Beyond one dimension, however, we are unable to analyse the M1 and M2 models exactly, and so we introduce an elliptic term into the model generators (Definition 1.1) to make them tractable. In the resulting versions of the models, which we name \(\text {M1}_\varepsilon \) and \(\text {M2}_\varepsilon ,\) at a small rate the walker will choose to ignore the arrow configuration and take a step uniformly at random. For \(d \ge 3\) we are able to show that both new models have mean-square displacements that scale linearly with time (Theorem 1.10). The case \(d = 2\) is more challenging: we are able to prove upper bounds on the diffusivity of order \(t \log t\) for all i.i.d. drift-free initial conditions and a superdiffusive lower bound of order \(t \sqrt{ \log t}\) for certain anisotropic initial momentum configurations (Theorem 1.11).

The mechanism driving the superdiffusion in the models is the persistence of correlations in the configuration of the arrows. Upon returning to a region the walker has visited previously, the collection of site arrows will be positively correlated with their state on the previous visit. Therefore when the walker returns to a region, it tends to see a similar bias in the local configuration of arrows, and therefore receives a similar drift, when compared to the last visit. This effect is sufficient to cause superdiffusion in one and two dimensions. In three and higher dimensions the underlying dynamics of the walk are transient and so the correlations in the environment of arrows do not influence the asymptotic growth of the mean-squared displacement.

This mechanism is also present in the continuous Brownian polymer [6, 13, 15], which is a continuum model that shows the same superdiffusive behaviour for \(d=1\) and 2 and diffusive behaviour for \(d \ge 3.\) The self-repellent Brownian polymer (SRBP) is a diffusion with memory, in which the drift term is the negative gradient of a mollification of the occupation measure of the process (for example by convolution with a Gaussian). Thus it is a continuum analog of the TSAW. Indeed in [6] the SRBP and TSAW in dimension \(d \ge 3\) are shown to have diffusive scaling limits using exactly parallel methods.

Apart from the direct connection between our model M2 and the one-dimensional TSAW, and the matching dependence of the bounds and conjectures for the long-time asymptotic behaviour on the dimension between our models and the TSAW and SRBP, we mention the TSAW and SRBP because they were studied in [6, 13, 15] using the resolvent method that was originally developed in [8, 9]. We also use the resolvent method as the main technical tool in this paper, converted appropriately to our lattice-based models. The method gives us bounds on the Laplace transform of E and proceeds as follows. First the growth of E(t) is connected to the growth of the compensator of the random walk via a property called Yaglom reversibility (Lemma 3.1). This means that the walk is unchanged in law when both space and time are reversed. Next the Laplace transform of the compensator is connected to the symmetric and anti-symmetric parts of the generators of the model dynamics via a variational formula (Eq. 3.1). The key is that under the symmetrised dynamics, the active particle takes random walk steps independently of the environment of arrows, and hence can be analysed exactly. An upper bound on the Laplace transform of E is obtained by discarding the contributions from the anti-symmetric part in the variational formula (Sect. 4). Obtaining a lower bound is more challenging and the strategy is to restrict the variational formula to a subspace of linear functionals over which exact computations can be carried out (Sect. 5).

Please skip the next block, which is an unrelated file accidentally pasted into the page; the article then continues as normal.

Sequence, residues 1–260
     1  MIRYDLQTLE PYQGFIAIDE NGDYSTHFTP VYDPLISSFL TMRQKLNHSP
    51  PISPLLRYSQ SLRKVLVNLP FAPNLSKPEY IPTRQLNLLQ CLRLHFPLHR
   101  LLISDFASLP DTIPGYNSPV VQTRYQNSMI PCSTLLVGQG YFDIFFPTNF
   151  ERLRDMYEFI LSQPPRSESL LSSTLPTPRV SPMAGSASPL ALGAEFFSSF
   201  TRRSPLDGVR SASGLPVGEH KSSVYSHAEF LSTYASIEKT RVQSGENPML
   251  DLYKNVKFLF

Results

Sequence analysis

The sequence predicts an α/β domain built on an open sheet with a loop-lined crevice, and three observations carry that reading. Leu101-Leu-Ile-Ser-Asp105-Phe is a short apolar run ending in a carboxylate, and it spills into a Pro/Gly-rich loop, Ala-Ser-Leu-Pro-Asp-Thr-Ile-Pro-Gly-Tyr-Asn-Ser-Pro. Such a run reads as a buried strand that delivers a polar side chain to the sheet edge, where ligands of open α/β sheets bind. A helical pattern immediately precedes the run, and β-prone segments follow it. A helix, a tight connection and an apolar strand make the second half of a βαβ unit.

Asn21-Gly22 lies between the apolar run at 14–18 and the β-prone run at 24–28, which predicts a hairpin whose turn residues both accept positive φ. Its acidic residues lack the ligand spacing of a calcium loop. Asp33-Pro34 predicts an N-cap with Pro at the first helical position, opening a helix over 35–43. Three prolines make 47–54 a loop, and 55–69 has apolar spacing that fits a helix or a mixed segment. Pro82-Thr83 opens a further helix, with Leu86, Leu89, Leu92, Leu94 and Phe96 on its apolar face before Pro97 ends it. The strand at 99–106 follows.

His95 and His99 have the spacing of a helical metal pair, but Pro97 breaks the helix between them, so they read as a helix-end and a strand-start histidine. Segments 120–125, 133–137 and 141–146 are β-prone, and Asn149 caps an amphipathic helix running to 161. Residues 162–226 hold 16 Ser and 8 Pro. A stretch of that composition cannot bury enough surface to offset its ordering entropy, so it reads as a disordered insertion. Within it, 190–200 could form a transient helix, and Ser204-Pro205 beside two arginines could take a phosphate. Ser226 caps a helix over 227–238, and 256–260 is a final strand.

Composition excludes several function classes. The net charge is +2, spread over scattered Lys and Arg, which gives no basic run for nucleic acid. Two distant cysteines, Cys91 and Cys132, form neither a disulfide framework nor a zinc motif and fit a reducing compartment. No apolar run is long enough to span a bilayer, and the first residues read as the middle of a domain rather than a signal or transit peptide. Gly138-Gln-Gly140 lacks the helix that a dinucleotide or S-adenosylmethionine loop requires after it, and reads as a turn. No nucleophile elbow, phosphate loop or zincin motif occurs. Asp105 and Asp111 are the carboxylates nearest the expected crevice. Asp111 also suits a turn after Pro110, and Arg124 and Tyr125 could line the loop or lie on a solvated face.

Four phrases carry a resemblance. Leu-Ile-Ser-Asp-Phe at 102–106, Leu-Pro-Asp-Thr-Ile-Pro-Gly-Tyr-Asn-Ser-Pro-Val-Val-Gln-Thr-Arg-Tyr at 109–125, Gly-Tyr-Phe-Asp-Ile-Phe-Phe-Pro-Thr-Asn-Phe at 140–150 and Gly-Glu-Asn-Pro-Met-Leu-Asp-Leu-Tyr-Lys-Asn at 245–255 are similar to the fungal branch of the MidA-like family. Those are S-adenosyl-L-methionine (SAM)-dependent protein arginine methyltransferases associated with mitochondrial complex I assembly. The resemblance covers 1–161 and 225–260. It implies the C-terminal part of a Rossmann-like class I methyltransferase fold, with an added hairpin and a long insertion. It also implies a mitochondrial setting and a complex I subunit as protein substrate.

1.1 Notation

Before stating our main results, we need some notation. For \(d \ge 1,\) define \(\mathbb {Z}^d_\star = \mathbb {Z}^d \cup \{\star \},\) where \(\star \) is an abstract symbol acting as a placeholder for the active particle (the hand). Let \(\mathscr {E} = \{ \pm e_1, \ldots , \pm e_d\}\) be the canonical unit vectors in \(\mathbb {R}^d\) and \(\varOmega = \mathscr {E}^{\mathbb {Z}^d_\star }.\) The elements of \(\varOmega \) represent the environment of site arrows as seen from the position of the walker, together with the information about the arrow in the walker’s hand. The evolution of the environment as seen by the walker is described by a continuous time jump process, \(\left( \eta _t\right) _{t \in \mathbb {R}},\) taking values in \(\varOmega .\)